Luis Severino's return bolsters Yankees' postseason hopes just in time

The right-hander has been electric in his first two starts of the season
Luis Severino has 13 strikeouts over nine innings since returning to the Yankees last week. (AP)

Luis Severino has 13 strikeouts over nine innings since returning to the Yankees last week. (AP)
Luis Severino is back at just the right time for the Yankees.
After missing nearly the entire season, the team's ace right-hander has returned and fired nine scoreless innings across two starts. Severino has looked every bit the pitcher that fronted New York's rotation for the past two years, which bodes well for the Yankees' October chances.
Making his season debut Tuesday, Severino tossed 67 pitches across four innings against the Angels, holding a Mike Trout-less lineup to two hits and two walks. 
Los Angeles wasn't necessarily the most challenging group the 25-year-old righty could have faced, but the Angels did give him a tough first inning, placing men on the corners with one out. Severino refused to wilt and induced a double play from Albert Pujols.

Severino looked most of the way back to being himself over the four frames. He averaged 96.6 mph on his fastball, just one mph down from 2018, while his slider was slower (84.4 mph) but had depth and got swings and misses.
One might expect some drop-off in his next start. After all, with his season debut and his return to the Bronx, Severino couldn't help but have adrenaline coursing through his veins.
But Severino suffered no step back. Instead, he dominated the Blue Jays over five innings. The right-hander surrendered just three hits and a hit-by-pitch while striking out nine in a walk-less victory. 

Severino's pitches darted out of his hand as if he were in midseason form. He maintained fastball velocity into the end of his start, and Toronto's hitters were helpless in catching up to it. When they expected a fastball, he unlocked an improved slider with more velocity and spin, using his main offspeed offering to get four strikeouts. Beyond movement, Severino had pinpoint command from the first batter of the afternoon.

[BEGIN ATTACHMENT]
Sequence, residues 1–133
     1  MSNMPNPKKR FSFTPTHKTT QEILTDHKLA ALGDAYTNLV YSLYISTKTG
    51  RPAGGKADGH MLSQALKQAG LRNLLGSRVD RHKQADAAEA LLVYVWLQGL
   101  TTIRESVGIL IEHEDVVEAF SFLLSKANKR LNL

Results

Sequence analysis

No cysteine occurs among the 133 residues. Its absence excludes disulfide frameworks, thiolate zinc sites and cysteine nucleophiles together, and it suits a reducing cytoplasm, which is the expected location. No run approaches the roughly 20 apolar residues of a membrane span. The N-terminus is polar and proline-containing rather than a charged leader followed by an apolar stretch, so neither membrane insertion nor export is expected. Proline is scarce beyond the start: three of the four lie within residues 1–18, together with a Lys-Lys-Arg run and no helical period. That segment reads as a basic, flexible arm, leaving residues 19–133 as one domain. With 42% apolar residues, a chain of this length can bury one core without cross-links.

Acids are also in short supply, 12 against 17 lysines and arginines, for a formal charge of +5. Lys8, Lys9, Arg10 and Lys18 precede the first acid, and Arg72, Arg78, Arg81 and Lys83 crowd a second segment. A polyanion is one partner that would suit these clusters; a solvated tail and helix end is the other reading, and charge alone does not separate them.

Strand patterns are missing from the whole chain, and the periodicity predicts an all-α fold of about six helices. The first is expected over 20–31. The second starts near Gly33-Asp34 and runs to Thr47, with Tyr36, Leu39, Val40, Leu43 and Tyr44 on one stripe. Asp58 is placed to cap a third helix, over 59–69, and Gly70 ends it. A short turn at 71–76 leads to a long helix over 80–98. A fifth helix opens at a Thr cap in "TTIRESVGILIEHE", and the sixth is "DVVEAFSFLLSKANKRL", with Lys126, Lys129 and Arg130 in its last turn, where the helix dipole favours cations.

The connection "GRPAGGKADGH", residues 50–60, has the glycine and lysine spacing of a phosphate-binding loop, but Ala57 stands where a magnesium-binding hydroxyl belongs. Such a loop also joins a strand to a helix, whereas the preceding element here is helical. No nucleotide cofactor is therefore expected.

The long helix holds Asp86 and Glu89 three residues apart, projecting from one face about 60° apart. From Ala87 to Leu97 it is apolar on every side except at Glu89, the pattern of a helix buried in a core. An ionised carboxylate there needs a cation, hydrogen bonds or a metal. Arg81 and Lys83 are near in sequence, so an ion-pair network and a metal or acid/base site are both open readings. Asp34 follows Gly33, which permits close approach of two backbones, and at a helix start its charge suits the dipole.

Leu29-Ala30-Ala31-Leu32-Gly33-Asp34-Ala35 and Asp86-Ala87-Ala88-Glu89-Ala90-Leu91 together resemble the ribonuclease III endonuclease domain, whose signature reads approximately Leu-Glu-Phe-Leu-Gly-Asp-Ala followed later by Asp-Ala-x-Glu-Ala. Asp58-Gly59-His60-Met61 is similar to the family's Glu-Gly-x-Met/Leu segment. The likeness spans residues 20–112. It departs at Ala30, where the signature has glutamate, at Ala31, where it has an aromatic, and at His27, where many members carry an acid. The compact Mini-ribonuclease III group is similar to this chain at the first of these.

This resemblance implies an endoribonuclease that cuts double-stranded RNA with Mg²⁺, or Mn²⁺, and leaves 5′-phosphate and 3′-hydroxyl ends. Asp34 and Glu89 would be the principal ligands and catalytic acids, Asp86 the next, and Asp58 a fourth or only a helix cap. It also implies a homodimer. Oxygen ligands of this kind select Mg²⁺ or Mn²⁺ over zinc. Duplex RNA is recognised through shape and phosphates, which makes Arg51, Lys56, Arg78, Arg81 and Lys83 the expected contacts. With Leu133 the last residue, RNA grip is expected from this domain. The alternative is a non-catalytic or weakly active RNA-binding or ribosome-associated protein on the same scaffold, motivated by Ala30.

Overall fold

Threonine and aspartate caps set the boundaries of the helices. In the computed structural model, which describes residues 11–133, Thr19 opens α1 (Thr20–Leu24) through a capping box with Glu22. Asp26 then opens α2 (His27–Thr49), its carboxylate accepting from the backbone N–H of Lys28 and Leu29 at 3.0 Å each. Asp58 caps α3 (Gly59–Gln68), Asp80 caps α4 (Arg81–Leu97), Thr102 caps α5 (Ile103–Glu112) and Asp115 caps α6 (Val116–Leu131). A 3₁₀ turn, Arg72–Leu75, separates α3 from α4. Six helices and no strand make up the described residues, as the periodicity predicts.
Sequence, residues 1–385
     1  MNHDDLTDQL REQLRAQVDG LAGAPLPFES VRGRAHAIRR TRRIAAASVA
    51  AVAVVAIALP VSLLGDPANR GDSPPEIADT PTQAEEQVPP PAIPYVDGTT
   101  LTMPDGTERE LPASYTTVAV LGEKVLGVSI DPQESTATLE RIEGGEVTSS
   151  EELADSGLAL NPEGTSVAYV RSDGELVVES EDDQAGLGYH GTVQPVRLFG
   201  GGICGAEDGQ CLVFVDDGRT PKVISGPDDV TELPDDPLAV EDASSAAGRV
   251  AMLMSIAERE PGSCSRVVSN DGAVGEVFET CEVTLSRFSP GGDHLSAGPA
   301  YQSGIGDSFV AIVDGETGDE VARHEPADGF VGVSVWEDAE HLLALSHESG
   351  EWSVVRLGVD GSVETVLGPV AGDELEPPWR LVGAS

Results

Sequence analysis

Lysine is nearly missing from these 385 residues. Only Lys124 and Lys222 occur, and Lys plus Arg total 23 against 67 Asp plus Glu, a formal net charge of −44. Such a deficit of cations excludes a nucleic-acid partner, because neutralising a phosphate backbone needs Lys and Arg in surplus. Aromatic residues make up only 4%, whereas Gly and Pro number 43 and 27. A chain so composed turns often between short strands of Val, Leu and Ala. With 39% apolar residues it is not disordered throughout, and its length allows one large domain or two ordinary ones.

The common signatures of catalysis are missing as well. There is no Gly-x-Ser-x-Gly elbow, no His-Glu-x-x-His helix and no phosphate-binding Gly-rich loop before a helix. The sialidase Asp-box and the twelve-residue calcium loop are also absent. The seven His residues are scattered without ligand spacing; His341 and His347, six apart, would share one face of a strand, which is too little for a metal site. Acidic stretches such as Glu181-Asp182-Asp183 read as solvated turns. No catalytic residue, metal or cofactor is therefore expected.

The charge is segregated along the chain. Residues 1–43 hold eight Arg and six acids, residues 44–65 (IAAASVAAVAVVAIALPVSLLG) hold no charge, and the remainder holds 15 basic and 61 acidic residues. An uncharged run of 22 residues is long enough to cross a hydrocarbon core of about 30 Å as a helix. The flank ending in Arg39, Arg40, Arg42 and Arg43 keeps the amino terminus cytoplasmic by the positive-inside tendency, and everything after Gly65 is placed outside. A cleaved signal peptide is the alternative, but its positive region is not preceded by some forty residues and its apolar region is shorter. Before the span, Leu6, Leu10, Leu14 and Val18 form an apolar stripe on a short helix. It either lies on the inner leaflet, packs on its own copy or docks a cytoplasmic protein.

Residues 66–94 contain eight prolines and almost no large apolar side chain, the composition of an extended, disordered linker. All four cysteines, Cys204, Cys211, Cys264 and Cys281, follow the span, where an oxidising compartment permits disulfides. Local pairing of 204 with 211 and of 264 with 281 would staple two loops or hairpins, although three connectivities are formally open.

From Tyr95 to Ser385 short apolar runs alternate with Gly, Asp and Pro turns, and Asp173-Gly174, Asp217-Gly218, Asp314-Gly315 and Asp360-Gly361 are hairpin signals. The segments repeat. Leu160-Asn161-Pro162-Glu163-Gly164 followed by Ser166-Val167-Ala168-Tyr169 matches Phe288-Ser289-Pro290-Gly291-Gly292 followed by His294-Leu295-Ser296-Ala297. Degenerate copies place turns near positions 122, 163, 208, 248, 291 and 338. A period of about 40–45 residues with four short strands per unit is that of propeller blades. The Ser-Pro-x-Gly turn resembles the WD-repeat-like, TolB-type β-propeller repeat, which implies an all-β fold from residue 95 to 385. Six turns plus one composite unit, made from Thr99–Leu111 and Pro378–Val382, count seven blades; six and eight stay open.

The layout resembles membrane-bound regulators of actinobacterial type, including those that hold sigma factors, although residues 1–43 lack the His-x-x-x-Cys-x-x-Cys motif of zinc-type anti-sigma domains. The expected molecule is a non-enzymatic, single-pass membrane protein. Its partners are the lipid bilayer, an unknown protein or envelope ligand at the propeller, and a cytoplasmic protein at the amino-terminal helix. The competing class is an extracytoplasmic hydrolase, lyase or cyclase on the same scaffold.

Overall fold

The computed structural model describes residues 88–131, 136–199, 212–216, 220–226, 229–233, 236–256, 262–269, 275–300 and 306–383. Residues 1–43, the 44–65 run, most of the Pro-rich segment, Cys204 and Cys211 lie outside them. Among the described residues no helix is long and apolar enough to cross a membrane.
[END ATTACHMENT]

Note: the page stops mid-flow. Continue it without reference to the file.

Severino worked his way up to 80 pitches in his second start. He's scheduled to pitch against the Rangers in Texas on Saturday for his final regular season start and would presumably be able to eclipse 90-95 pitches in that game.
That would leave Severino fully stretched out heading into October. With a dominant bullpen backing Severino, the Yankees don't need him to throw complete games or even pitch beyond the fifth inning many nights. New York can ride off shorter outings against elite opponents if Severino is his normal effective self.
"It's not about me," Severino said after his start Sunday. "We have a great team. I'm not going to face [Justin] Verlander. It'll be my guys who face Verlander. I just need to go out there and get 5-6 good innings. I think we can match with any team, any time."
The weight of pitching like an ace won't be squarely on Severino's shoulders. James Paxton has won each of his last 10 starts and looks like the potential top-of-the-rotation pitcher the Yankees acquired 10 months ago. Aaron Boone can ride Paxton for longer outings and keep his bullpen ready to work behind Severino and Masahiro Tanaka later in a series.
With five months on the shelf, Severino told reporters Sunday that he feels fresher without the mileage of a normal season's workload. That provides the Yankees with another weapon just in time for their pursuit of a 28th World Series title.